Review

Review

'Dexter' Season Five Autopsy

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My love of Dexter season four is legendary, and borders on the inappropriate. I had some concern that season five could never live up to my expectations, and would leave me bitter and empty. While it will never replace my obsession with season four, season five didn't let me down... too badly. In the wake of the season finale, I've autopsied this season, and dissected the stuff I liked... and the stuff I liked less.

The Good...

Dexter was allowed a grieving period. Dexter might consider himself a monster, but Rita was good for him, and whether he liked it or not, he really loved her. He truly felt a loss when Rita died. A loss that surprised him, but one the writers allowed him to feel. I also appreciate that Dexter wasn't maudlin the whole season. It might be realistic, but it makes for bad television.

Lumen was not an instant girlfriend. It would have been easy for Dexter to fall into bed with the next pretty blonde he met, but he didn't. When the did end up together, it felt like the natural progression of their characters.

The kids mended their relationship with Dexter. I'm certainly not sentimental, but I am really glad that Astor and Cody (well, mostly Astor) decided they wanted to be back in Dexter's life. They brought balance and normalcy to Dexter, and he is the closest thing they have to a parent, with both mom and dad dead. I think next season they should move back in with Dexter and get a dog.

Good Casting. I am not really a Julia Stiles fan. I have no real feelings about her one way or the other (though when she was first cast, I was a little dubious). But I thought she played the role well. She brought the right mix of fear, innocence, anger, and vengeance to the role. Peter Weller and Jonny Lee Miller were both fun villains. A little cartoony at times, but you kind of expect that from each of them.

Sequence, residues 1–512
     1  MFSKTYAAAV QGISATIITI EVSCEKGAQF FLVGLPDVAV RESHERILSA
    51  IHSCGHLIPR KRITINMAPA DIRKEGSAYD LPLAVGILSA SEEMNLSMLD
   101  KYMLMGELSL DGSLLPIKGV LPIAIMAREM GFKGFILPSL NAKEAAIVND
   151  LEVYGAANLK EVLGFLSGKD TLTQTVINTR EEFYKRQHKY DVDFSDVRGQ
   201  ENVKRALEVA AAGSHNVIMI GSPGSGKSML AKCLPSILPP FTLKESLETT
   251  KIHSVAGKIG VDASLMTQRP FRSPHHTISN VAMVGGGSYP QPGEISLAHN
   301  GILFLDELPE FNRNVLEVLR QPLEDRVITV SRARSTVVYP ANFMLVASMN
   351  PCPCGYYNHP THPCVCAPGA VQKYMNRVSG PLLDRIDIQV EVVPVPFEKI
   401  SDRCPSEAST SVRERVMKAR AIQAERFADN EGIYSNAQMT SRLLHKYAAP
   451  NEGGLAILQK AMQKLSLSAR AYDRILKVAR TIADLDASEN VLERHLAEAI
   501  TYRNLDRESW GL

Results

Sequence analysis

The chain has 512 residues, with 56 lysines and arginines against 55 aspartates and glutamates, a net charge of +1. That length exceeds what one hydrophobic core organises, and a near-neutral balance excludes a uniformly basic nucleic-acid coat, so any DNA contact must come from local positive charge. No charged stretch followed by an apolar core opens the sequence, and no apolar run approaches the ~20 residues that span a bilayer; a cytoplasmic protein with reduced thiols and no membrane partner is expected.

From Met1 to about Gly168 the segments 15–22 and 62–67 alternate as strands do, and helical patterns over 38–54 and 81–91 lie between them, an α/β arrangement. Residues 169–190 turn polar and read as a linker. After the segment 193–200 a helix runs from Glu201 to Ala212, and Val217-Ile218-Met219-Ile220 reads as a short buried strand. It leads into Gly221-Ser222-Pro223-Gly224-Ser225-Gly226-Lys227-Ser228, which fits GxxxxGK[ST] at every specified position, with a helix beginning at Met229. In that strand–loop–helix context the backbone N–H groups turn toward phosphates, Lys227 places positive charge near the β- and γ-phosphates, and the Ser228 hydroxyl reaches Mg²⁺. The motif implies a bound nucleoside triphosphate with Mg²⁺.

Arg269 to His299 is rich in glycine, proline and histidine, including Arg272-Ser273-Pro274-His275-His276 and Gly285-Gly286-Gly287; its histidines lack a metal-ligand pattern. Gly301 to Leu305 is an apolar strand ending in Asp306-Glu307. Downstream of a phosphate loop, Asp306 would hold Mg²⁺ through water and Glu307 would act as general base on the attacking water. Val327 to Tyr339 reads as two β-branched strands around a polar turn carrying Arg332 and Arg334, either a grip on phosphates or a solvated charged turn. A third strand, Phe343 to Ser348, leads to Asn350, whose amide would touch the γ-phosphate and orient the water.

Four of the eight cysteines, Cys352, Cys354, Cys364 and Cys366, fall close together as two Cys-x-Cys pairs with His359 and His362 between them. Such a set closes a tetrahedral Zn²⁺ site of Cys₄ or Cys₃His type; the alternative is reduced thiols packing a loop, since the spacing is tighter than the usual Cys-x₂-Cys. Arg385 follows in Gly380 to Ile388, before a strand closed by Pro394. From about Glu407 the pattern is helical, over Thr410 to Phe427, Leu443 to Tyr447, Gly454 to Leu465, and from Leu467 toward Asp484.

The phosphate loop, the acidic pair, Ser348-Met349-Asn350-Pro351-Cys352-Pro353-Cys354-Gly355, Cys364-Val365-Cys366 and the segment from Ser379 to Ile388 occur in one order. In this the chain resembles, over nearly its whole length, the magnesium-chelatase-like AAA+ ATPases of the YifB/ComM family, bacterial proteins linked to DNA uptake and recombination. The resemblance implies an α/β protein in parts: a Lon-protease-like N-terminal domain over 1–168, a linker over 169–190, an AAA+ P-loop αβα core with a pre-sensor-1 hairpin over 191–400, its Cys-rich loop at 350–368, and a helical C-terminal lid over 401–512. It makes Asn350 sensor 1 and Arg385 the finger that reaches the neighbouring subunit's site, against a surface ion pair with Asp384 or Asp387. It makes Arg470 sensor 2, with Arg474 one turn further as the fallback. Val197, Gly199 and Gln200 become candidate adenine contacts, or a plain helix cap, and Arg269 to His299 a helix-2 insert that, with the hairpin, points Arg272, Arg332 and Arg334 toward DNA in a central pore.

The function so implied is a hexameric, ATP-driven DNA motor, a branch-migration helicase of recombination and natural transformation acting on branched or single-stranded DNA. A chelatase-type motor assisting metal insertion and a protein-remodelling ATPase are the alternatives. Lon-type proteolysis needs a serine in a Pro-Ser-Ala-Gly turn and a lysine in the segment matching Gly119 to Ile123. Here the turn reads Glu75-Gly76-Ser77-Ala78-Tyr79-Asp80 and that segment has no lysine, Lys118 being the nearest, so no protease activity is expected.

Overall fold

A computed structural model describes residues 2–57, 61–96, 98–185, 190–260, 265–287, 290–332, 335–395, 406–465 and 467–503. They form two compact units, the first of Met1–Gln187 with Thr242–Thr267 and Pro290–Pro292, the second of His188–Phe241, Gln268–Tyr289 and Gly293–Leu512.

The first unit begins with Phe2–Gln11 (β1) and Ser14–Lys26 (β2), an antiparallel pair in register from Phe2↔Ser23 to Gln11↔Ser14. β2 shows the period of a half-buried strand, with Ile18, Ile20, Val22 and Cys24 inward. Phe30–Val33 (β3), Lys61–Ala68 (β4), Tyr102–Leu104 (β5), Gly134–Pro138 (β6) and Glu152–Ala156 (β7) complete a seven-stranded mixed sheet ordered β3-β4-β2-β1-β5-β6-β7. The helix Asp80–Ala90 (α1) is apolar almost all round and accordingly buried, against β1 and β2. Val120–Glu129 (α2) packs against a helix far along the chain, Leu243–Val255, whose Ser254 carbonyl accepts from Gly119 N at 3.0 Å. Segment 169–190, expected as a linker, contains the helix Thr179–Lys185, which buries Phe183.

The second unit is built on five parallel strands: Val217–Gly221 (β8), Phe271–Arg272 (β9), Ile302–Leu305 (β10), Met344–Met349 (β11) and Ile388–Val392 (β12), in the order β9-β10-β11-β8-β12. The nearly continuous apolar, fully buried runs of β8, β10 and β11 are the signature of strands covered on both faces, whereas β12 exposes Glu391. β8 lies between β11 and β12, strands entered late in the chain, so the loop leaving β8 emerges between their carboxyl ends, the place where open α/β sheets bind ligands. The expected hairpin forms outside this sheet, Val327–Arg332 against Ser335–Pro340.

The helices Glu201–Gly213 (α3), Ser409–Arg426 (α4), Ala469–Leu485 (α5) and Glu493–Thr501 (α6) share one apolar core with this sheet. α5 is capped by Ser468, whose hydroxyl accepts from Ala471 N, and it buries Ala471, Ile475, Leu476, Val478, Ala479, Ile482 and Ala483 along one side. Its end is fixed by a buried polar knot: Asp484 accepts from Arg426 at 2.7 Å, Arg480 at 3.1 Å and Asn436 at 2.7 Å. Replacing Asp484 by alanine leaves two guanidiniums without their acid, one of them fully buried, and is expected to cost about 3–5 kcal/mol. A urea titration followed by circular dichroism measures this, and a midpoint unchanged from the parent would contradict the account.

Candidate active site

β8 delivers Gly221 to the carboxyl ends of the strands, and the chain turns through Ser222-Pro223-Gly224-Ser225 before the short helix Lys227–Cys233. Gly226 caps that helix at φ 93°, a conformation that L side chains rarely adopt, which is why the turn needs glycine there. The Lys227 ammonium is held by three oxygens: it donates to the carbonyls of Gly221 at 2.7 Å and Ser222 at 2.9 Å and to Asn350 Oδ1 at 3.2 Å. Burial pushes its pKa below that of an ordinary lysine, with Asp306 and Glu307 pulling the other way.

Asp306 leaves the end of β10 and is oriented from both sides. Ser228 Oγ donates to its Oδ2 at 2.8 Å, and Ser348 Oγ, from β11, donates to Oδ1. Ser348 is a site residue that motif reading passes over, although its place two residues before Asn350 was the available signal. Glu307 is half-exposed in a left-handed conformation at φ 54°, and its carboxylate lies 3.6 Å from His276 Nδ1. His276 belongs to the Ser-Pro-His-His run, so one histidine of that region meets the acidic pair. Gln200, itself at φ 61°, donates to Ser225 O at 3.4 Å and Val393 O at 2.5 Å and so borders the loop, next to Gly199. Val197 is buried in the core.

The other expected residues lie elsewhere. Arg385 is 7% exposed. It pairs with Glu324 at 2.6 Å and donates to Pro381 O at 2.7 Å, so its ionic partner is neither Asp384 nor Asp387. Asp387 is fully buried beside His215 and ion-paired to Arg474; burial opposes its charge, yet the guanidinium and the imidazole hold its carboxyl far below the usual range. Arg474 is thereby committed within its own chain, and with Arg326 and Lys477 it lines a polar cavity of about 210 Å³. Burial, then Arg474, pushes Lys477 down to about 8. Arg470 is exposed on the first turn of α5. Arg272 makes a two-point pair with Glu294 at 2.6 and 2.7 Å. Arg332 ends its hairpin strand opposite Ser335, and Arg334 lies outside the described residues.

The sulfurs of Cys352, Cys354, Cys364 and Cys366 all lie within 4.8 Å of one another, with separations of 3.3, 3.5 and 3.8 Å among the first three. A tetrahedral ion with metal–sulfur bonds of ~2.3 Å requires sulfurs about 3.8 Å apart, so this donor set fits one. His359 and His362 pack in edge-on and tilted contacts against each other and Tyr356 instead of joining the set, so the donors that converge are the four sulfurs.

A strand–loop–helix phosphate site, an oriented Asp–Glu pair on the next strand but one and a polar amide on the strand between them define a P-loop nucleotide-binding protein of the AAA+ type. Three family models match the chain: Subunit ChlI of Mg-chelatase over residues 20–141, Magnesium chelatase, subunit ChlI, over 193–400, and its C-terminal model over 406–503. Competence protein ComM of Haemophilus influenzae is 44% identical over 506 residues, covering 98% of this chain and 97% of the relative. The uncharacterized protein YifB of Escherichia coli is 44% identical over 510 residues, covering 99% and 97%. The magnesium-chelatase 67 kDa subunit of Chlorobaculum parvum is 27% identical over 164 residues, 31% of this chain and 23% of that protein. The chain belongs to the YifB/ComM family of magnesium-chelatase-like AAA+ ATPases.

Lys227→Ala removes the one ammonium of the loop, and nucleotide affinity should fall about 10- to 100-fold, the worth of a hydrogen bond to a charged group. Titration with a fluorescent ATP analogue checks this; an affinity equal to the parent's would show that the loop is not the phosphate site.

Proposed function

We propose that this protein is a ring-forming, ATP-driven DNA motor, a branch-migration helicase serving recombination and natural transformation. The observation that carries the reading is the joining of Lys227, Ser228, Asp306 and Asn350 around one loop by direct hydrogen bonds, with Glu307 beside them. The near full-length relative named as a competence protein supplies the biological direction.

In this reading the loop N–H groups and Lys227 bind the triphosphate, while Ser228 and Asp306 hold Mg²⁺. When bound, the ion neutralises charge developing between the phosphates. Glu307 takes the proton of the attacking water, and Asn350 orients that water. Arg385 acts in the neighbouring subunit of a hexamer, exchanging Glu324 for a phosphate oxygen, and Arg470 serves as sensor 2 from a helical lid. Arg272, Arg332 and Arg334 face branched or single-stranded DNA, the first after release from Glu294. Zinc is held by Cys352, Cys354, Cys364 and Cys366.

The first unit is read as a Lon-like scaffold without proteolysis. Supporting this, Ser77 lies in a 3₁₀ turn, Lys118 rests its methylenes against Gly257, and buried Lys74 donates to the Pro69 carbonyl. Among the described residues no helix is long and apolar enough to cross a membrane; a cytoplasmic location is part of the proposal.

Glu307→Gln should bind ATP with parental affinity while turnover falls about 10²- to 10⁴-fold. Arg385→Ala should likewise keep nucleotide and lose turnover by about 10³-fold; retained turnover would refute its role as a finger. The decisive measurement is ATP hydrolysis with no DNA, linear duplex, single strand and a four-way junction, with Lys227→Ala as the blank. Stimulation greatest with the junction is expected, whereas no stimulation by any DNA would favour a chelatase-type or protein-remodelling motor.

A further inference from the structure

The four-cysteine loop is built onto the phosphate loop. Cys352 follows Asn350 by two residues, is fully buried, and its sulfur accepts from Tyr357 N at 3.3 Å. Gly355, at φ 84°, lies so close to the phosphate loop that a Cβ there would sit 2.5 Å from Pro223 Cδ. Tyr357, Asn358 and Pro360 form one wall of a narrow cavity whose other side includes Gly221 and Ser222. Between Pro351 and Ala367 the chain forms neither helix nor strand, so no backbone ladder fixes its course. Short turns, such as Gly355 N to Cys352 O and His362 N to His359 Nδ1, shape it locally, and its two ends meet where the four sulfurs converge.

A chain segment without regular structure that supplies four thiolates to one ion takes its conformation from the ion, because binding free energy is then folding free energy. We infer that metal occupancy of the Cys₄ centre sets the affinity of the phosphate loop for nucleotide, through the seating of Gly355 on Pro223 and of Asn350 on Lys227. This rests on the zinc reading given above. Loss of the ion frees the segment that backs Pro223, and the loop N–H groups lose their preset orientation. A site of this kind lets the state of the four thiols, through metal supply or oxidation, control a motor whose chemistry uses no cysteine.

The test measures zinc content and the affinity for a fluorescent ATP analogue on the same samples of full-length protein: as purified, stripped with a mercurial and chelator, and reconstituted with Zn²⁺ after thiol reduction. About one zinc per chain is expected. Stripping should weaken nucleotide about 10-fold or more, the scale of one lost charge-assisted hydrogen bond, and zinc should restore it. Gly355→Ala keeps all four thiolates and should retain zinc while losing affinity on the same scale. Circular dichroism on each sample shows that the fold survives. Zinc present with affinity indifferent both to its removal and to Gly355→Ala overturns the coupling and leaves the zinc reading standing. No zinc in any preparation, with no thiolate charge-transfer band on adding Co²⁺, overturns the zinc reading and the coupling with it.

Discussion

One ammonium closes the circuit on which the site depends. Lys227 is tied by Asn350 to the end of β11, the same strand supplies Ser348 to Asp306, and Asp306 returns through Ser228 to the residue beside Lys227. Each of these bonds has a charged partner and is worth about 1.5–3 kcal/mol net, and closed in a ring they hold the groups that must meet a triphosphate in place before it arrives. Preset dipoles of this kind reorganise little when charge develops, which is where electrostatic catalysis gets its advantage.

Deb is growing up. As the series has progressed, Deb's character has really evolved beautifully from a headstrong beat cop to one of the best detectives on the force. She doesn't fly off the handle much - and when she does, she usually has a really good reason for doing so. Of course, with maturity brings less cursing.  And she is so good at it.

 

The Less Good....

The Santa Muerte case. That mini storyline felt like filler, pure and simple. "We can't get Julia Stiles for the first three episodes, so let's just throw in a couple gruesome murders that we can wrap up quickly." The shootout at the club felt like a way to wrap up the storyline quickly, without having to give a good motive behind the killings.

Emily. I don't understand her Stockholm Syndrome. Jordan/Eugene drugs her, holds her prisoner in a cabin, then directs his friends to gang-rape her. Fifteen years later, she is emotionally dependent on him, thinks she loves him, and does whatever he says. There has to be more to this story, but Emily was killed off too quickly. She just wasn't a fully realized character, and it didn't sit well with me.

I'm tired of Dexter's close calls. I get it: the serial-killer-with-the-heart-of-gold is the crux of this series. But it's starting to get a little rote. Just one season, I want Dexter to fly under the radar. Let him continue killing, but let the murders go unnoticed - or at the very least, make Dexter not a suspect. Maybe this could give him false confidence. He could get a little reckless, and it leads to a big mistake - the murder of an innocent or something. But let's just try something new.

Dexter suffered no consequences from his "grief kill." He may have been blowing off steam, but as Harry points out, that is no excuse for random murder. Dex didn't exactly cover his tracks - didn't anyone investigate that murder? He worried over that kill for all of five minutes, then it was never mentioned again. Dexter adheres pretty strictly to his code; I feel like it should have upset him a little bit, or come back to bite him in the ass.

The sentimental, neatly-wrapped ending. I get that they didn't know if they had a sixth season coming, so they didn't want to leave any dangling threads. But it was off-putting, uncharacteristic, and ultimately, an unsatisfying end. I feel like Lumen has to come back, because experiences that she had this season don't just wash clean, and there needs to be some deep psychological ramifications. Why did Dexter take off his wedding band at the end? Was he ready to let go of Rita? Was he going to give it to the kids? Was he going to throw it angrily into the ocean? I felt it was ambiguous, something the writers felt needed to happen without putting any real thought behind it.

 

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